LILLEHAMMER, Norway – The Lillehammer 2016 Winter Youth Olympic Games drew to a close Sunday following 10 days of competition between approximately 1,100 athletes representing 71 nations. The Games, which featured 70 medal events across all 15 sport disciplines on the 2018 Olympic program, saw Team USA collect 16 medals, doubling its medal haul from the inaugural Winter Youth Games in 2012. Of the 16 medals, 10 were gold, which tied for the most from any nation.
While U.S. athletes experienced world-class competition, they also participated in the fourth installment of the International Olympic Committee’s Learn & Share Program. A unique element of the Youth Olympic Games, the program offers athletes the opportunity to learn about the Olympic values, explore other cultures and develop the skills to become true ambassadors of their sports.
“All the intangible elements of the Olympic Movement really come to life at the Youth Olympic Games – it has as much to do with educating human beings as it does with educating young athletes,” said Angela Ruggiero, U.S. Olympic champion in ice hockey and chair of the IOC Coordination Commission for Lillehammer 2016. “To give these athletes a better understanding of the Olympic values and exposure to different cultures at such a young age helps them think more broadly, which is one of the amazing parts about being an Olympian.
“It’s been an honor to serve as the Coordination Commission chair on behalf of the IOC. I think we’ve worked in great cooperation and it’s been incredible to see our vision come to fruition in Lillehammer. The Youth Olympic Games are a relatively new concept to the Olympic Movement. The Organizing Committee took that concept and really made it their own – and the results have been tremendous.”
Alpine skier River Radamus (Edwards, Colorado) was the most decorated U.S. athlete of the Games, earning gold in men’s combined, giant slalom and super-G. Snowboarders Chloe Kim (La Palma, California) and Jake Pates (Eagle, Colorado) join Radamus as the only other American multi-gold medalists, each sweeping the men’s and women’s halfpipe and slopestyle titles. Other highlights included historic performances in team sports with Team USA winning its first men’s ice hockey gold medal at an Olympic or Youth Olympic Games since 1980, and the U.S. curling team claiming silver in the mixed-gender event – its highest finish ever on an Olympic or Youth Olympic stage.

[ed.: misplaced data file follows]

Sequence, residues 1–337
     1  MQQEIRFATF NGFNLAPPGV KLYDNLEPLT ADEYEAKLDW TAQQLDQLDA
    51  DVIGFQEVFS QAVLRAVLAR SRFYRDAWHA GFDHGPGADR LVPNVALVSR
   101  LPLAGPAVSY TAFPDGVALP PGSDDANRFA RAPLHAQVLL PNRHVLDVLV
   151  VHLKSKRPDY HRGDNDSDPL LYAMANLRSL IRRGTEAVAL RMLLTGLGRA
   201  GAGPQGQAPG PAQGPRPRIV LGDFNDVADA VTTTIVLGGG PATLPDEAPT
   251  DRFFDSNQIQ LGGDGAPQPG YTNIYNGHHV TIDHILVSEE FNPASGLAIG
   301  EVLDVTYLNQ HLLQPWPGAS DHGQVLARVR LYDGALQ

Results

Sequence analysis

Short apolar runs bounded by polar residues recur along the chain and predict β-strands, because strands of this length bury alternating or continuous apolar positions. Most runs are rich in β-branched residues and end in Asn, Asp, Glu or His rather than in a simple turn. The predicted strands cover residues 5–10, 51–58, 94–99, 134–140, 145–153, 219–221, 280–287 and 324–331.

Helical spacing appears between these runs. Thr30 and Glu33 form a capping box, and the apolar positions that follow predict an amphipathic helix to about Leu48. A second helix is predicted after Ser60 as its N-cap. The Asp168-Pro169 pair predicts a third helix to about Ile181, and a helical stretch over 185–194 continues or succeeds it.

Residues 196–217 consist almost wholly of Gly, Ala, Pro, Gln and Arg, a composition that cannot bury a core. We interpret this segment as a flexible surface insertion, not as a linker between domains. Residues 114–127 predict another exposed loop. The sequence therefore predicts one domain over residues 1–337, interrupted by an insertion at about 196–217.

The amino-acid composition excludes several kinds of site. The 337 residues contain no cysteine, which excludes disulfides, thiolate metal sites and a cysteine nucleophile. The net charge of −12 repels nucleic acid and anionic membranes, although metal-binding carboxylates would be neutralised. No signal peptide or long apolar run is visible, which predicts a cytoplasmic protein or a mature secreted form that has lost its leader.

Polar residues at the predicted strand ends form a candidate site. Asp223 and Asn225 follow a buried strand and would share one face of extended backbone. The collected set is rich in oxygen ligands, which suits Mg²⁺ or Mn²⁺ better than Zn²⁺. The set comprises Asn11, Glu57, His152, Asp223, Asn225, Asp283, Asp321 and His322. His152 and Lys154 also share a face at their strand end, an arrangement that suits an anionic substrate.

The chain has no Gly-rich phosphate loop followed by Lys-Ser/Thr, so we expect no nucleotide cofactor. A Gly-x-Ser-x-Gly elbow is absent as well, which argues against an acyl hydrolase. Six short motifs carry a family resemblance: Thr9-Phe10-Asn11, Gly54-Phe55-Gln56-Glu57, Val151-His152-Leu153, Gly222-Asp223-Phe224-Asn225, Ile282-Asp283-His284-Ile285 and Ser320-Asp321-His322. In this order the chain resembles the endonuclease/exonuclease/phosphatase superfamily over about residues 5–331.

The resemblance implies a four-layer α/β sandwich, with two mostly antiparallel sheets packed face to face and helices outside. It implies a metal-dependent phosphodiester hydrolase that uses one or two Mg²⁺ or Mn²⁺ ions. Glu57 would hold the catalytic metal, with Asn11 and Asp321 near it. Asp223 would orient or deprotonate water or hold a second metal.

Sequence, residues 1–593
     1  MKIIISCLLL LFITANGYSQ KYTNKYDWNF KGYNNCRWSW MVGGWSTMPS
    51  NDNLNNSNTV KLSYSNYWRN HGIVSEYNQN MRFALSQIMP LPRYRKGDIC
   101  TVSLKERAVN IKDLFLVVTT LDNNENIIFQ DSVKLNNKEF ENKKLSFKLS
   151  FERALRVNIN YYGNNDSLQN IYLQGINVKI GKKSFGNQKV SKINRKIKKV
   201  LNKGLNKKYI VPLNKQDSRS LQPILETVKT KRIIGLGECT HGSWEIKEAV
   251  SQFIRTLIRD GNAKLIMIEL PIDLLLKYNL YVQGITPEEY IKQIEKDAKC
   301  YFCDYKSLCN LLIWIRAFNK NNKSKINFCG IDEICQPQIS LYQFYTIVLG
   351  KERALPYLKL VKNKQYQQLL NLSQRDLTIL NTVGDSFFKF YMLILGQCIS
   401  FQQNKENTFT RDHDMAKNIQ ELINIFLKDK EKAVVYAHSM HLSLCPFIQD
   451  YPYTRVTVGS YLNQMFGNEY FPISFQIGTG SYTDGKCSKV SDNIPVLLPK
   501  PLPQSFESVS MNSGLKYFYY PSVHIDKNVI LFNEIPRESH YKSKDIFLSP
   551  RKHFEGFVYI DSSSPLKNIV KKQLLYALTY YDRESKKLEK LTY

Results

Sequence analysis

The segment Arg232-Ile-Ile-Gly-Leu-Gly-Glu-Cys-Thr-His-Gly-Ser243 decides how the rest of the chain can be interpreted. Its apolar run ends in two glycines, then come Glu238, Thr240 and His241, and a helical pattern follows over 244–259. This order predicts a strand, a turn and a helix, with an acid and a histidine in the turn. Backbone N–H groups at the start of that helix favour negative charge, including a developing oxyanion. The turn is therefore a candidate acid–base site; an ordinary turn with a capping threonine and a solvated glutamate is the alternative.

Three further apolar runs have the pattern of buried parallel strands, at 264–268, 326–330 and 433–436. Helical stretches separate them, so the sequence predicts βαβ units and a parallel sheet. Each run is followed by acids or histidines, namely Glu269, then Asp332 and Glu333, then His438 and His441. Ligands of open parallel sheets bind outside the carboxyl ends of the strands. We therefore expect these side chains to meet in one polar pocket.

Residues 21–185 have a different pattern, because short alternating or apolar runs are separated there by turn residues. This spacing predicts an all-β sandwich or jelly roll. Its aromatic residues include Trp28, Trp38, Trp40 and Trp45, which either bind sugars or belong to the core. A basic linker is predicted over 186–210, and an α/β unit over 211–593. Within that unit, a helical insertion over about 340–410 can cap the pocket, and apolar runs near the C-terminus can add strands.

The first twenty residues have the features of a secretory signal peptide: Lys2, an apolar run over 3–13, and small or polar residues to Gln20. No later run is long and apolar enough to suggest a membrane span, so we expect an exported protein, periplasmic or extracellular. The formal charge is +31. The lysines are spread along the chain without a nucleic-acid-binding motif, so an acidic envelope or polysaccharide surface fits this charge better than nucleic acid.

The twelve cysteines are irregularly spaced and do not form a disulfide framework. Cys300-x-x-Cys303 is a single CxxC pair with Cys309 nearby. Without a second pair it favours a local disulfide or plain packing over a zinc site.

Team USA competed in 64 medal events across all 15 sport disciplines, earning 45 top-10 finishes, including three fourth-place finishes. Overall, U.S. athletes won medals in seven disciplines – alpine skiing, curling, figure skating, freestyle skiing, ice hockey, Nordic combined and snowboarding.
“We could not be more proud of our athletes and how they represented our country, both on and off the field of play,” said Wes Barnett, two-time Olympian and Team USA chef de mission. “They really embraced the education and cultural experience, and the solidarity between the athletes has truly surpassed all expectations.
Added Barnett of the Lillehammer Organizing Committee’s efforts: “Our hats go off to the Lillehammer 2016 organizers – the Games really couldn’t have been a more positive experience for us. On behalf of our entire delegation, I’d like to extend a huge thanks to our hosts for their hospitality, and to the volunteers, who helped ensure our athletes had an amazing experience.”
Additionally, three U.S. athletes took home medals in mixed country team competition, including long track speedskater Austin Kleba (St. Charles, Illinois), and figure skating pairs team Sarah Rose (Ellenton, Florida) and Joseph Goodpaster (Hershey Pennsylvania).
For the first time at the Winter Youth Olympic Games, the IOC provided live and daily on-demand coverage of both the sporting action and cultural festivities happening around Lillehammer. In another Olympic first, Samsung helped bring the Lillehammer 2016 Games to life through virtual reality coverage, taking the innovation element to new heights which will be crucial to the future of the Games.
2016 U.S. Winter Youth Olympic Games Medalists
River Radamus, alpine skiing (super-G, combined, giant slalom)
Jake Pates, snowboarding (halfpipe, slopestyle)
Chloe Kim, snowboarding (halfpipe, slopestyle)
Jake Vedder, snowboarding (snowboardcross)
Birk Irving, freestyle skiing (halfpipe)
U.S. men’s ice hockey team
Nike Baden, snowboarding (halfpipe)
Paula Cooper, freestyle skiing (halfpipe)
Alex Hall, freestyle skiing (slopestyle)
Chloe Lewis and Logan Bye, figure skating (ice dance)
Ben Loomis, Nordic combined (men's individual normal hill/5-kilometer cross-country)
U.S. mixed curling team
Mixed Country Team Events (2)*
Austin Kleba, long track speedskating mixed country team event (silver)
Sarah Rose and Joseph Goodpaster, mixed international figure skating team event (gold)
*Not included in Team USA’s overall medal count